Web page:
More than $26 million has been pledged by the Government to strengthen Northland roads and protect the region from future floods in the wake of last weekend's deluge.

The cash, which will come from the Provincial Growth Fund and the Covid Response and Recovery Fund, was announced yesterday by Infrastructure Minister Shane Jones and Finance Minister Grant Robertson.

On Friday and Saturday Whangārei and parts of the Mid North, especially Moerewa, were inundated by a ''one-in-500-year'' downpour which closed roads and flooded homes and businesses — just as the region was emerging from one of its worst droughts on record.

State Highway 1 remains closed south of Kaitaia due to eight slips in the Mangamuka Gorge.

A slip on State Highway 1 in the Mangamuka Ranges. Photo / Kara Gordon
A slip on State Highway 1 in the Mangamuka Ranges. Photo / Kara Gordon

Jones said $14.2m from the Provincial Growth Fund would be made available to the Far North District Council as soon as possible for road improvements.

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While the council had already prepared a list of roads it felt needed upgrading, he had instructed officials to bump up the importance of roads and flood management around Ngapipito, Pokapu and Moerewa, the area worst hit last weekend.

''Around the Far North 165 locations have been damaged by recent floods, but to be honest the damage is just built on earlier flood events where slips have never fully been corrected. The $14m is an opportunity to deal with the consequences of the most recent flood but also to address areas where the FNDC has just not had the capita to get ahead.''

Infrastructure Minister Shane Jones with Fulton Hogan supervisor Marsh Tana at one of the Mangamuka slips. Photo / Dot Jones
Infrastructure Minister Shane Jones with Fulton Hogan supervisor Marsh Tana at one of the Mangamuka slips. Photo / Dot Jones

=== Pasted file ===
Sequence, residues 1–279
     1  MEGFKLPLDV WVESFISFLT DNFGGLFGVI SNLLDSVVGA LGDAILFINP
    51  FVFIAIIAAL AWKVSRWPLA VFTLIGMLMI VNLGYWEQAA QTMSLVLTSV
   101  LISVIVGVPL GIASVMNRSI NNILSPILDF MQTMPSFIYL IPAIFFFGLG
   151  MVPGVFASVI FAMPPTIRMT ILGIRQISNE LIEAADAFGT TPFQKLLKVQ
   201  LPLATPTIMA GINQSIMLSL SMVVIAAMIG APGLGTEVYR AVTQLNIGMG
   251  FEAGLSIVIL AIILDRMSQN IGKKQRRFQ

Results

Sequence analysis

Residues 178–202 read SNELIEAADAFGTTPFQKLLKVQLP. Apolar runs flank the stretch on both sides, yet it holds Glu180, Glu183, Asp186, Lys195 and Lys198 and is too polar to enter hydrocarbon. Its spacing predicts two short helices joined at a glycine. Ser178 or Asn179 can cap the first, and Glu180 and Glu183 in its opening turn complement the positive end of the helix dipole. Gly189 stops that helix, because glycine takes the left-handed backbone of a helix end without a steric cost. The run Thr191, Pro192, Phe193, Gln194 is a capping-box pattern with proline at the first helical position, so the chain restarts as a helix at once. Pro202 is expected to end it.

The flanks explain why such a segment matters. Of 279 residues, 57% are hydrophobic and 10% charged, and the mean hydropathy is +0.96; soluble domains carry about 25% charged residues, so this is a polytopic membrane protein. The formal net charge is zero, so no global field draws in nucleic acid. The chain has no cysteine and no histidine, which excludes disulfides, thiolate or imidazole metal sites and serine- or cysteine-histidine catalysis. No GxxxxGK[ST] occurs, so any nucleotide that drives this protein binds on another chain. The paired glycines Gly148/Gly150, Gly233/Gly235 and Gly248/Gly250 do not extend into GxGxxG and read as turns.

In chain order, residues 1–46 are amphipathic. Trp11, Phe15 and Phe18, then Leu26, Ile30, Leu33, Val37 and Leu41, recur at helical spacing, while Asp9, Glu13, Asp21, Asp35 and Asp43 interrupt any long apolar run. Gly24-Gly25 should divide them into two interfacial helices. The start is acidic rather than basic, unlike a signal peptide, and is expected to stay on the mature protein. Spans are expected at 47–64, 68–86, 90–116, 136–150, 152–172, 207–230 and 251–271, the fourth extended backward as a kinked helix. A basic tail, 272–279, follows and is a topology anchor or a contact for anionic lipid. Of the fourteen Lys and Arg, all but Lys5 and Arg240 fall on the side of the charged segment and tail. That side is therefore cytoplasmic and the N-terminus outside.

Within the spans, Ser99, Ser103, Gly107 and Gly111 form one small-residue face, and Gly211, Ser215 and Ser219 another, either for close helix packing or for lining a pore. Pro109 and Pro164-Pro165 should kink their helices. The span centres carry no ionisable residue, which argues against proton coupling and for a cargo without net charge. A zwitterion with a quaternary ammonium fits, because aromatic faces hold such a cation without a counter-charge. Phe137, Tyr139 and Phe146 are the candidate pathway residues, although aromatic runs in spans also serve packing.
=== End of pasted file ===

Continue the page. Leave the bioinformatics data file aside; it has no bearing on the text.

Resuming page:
Acting Far North mayor Ann Court said the funding would be used for drainage, slip repairs and bridge improvements.

Other roads on the council list included Peria Rd and Oruru Rd because they served as back-up routes when main roads were closed.

With 2500km of roads in the Far North, 1800km of which were unsealed, the extra funding would not mean an improvement outside every home.

''But for our economic sell, the environment, the people who live on those roads, and maintenance costs, this is huge. I've been arguing for road funding for 20 years and every time we get a dollar I'm ecstatic,'' Court said.

Another $12.5m from the Covid Response and Recovery Fund has been granted to the Northland Regional Council to combat future flooding.

Robertson said it was part of $210m approved by Cabinet last month for ''shovel-ready'' flood protection projects nationwide.

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"Along with helping to deal with the impact of the flooding, we're investing in infrastructure now to address some of the long-term challenges the New Zealand economy faces," he said.

State Highway 1 over the Mangamukas has been reduced to a clay track in places. Photo / Dot Jones
State Highway 1 over the Mangamukas has been reduced to a clay track in places. Photo / Dot Jones

Jones said regional leaders would work with the Whangārei District Council to address flooding problems in that area, as well as bringing forward flood prevention work already planned but now given more urgency at Moerewa, Panguru and the Awanui River.

In Panguru children regularly miss school because flooding makes the roads impassable.

Yesterday Jones visited Mangamuka Gorge to see the damage for himself. There is as yet no estimated reopening date for SH1 between Makene Rd and Victoria Valley Rd.

He questioned the ''one-in-500-year'' label applied to the storm. ''I suspect, climatically speaking, that the North is going to be pelted and, sadly, this is going to be far more common.''

Just last week Jones announced $30m in flood resilience funding for Otago and Southland, an area hit by serious flooding earlier this year.

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